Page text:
Martin S: We’ve generated huge cost savings by harmonising processes – with, for example, one recruitment process that every country in Europe would be obliged to work to, instead of 18.

Between 1995 and 2002, our customer satisfaction rating with human resources went from 40 per cent to almost 90 per cent by having an internal HR service centre. HR is now considered as vital as finance, marketing, or sales. And I think that’s the crucial thing.

Martin H: So what happens if your customer in Greece wants to use their own system of recruitment?

Martin S: They don’t have a choice. It’s mandated.

Alan: For us, the HR service measures have either been static or are improving. The main thing is that we measure them, which we couldn’t before, and if we’ve got some challenging areas, action plans are used to tackle them

We’ve had investment in skills and £6.5 million in HR IT, which we couldn’t find internally. Within six months we’ve gone from 28 HR IT systems in the UK with no integration, to giving 43,000 people a common portal to access their records. By ourselves, we just wouldn’t have been able to move at that pace. The culture wouldn’t have allowed us.

Craig: It’s early days for us but we’ve had a real injection of energy and enthusiasm into the HR function because people had been waiting two-and-a-half years for improvements and didn’t believe they were going to get them. We had to give people early wins; we are only three months into funding for this project, but they are about to get new, top-spec, flat-screen PCs.

Martin H: We reduced costs and re-enthused the providers – the people we put into the front office who were in fairly dead-end admin jobs locked into paper processing. People have turned into real stars in delivering customer service who would have been written off in the past, quite frankly. They have just revelled in the whole thing. There is also more clarity of roles.


Problems
Martin S: What the organisation dictates as priorities in moving into shared services may not necessarily be the ones that the employee thinks are important. For instance, in our organisation, payroll and expenses belong to finance. But pay queries were being referred to line managers who were not always able to handle them. So now the HR service centre has taken ownership of the problems.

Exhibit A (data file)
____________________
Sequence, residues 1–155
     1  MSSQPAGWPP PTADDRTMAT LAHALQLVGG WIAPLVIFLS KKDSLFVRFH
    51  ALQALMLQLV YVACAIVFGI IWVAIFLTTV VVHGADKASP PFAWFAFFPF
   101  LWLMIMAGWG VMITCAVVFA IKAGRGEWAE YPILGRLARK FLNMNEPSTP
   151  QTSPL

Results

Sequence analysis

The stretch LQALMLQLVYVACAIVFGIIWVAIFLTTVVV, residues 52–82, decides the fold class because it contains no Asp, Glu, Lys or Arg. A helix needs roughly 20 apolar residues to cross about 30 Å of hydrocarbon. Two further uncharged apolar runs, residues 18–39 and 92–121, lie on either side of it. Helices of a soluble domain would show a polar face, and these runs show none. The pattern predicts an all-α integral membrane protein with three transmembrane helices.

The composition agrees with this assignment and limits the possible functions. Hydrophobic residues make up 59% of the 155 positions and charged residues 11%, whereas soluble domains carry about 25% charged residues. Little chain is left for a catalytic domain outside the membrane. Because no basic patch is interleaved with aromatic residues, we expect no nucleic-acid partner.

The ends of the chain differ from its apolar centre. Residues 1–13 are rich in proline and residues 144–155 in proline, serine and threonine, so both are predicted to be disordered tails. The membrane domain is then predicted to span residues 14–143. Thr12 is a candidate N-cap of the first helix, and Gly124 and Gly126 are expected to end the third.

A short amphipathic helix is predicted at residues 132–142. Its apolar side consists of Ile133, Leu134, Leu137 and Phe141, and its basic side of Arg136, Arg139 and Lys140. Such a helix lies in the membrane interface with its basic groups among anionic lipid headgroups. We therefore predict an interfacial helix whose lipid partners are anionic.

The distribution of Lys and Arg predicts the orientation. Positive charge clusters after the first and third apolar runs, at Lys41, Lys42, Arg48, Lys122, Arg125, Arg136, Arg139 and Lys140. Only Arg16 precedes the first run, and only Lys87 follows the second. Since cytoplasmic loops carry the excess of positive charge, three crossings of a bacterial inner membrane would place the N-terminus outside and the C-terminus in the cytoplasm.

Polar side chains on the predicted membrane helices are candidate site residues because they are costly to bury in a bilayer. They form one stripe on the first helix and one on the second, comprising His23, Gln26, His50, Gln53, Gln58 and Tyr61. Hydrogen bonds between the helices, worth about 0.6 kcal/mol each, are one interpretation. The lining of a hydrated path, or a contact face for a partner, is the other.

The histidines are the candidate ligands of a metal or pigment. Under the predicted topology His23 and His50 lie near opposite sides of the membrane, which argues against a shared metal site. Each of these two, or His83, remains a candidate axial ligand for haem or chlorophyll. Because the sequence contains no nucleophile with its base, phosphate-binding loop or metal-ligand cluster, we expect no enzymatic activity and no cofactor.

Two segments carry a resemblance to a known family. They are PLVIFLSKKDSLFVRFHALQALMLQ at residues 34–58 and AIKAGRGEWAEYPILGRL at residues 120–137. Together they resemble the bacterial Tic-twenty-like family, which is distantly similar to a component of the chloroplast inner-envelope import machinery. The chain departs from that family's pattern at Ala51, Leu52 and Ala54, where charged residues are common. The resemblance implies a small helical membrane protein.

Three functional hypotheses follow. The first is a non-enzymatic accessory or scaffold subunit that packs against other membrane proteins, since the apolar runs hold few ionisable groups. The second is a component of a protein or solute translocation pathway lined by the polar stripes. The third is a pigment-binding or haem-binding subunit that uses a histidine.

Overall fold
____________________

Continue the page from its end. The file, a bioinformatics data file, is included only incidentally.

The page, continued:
Craig: It was far easier to define the IT services and the finance services than it was the HR services. It’s incredibly complex.

There are also conflicting expectations. Our guys will be given a problem and work on it for three months. On Thursday afternoon they produce the answer and expect the business to react to it on Monday morning. And the business goes nuts.

Martin H: We also generated high expectations, which you don’t always meet initially. But the big lesson for us was: the more you can put into training and development, the better. We didn’t put enough time into training our frontline advisers. We went to some lengths but it wasn’t enough.

Alan: I agree that keeping up with expectations is a real challenge. It’s a bit like the CD system in a car, electric windows or the sunroof. As soon as you improve something, that becomes the standard, and the better you get, the more challenging the customer is.

Xchanging has got one owner, one managing director and is able to move very quickly. But it’s a challenge for some of our clients to go at that pace.

Peter: One of our problems is the speed of imagination versus the actual capability to deliver these things. We are releasing a whole host of possibilities. But people’s imaginations are zooming ahead into a quality that isn’t feasible in the timescales.

It takes time to get the systems integration needed to feed personalised data to an individual. And you have everyone dipping in and out and saying: “I can tell you how to do it.” Also, that initial period of making a change is going to disturb things that are long practised by people who possess tremendous knowledge, but keep most of it in their heads. When you start to move things around, you break connections and things go lumpy and bumpy for a while. That transition becomes part of a process of analysis of the problems leading to continuous improvement.

Lisa: Looking back, wouldn’t it have been better to wait until the market was more fully developed? I mean it sounds as if you have suffered from teething pains to some extent, with press reports saying that you had to stop rolling out globally.

Peter: We have implemented it in our two biggest population centres in the US and UK, which represent nearly 60 per cent of our total global population.

The agreement we had with Exult was to explore the possibilities of extending it globally but not to force an economic model that might not fit small populations with different languages, different policy settings and so on. What we are looking for are ways to expand when the time is right and the capabilities are there.

So what IBM is doing is a great example. They have a presence in countries that we don’t have.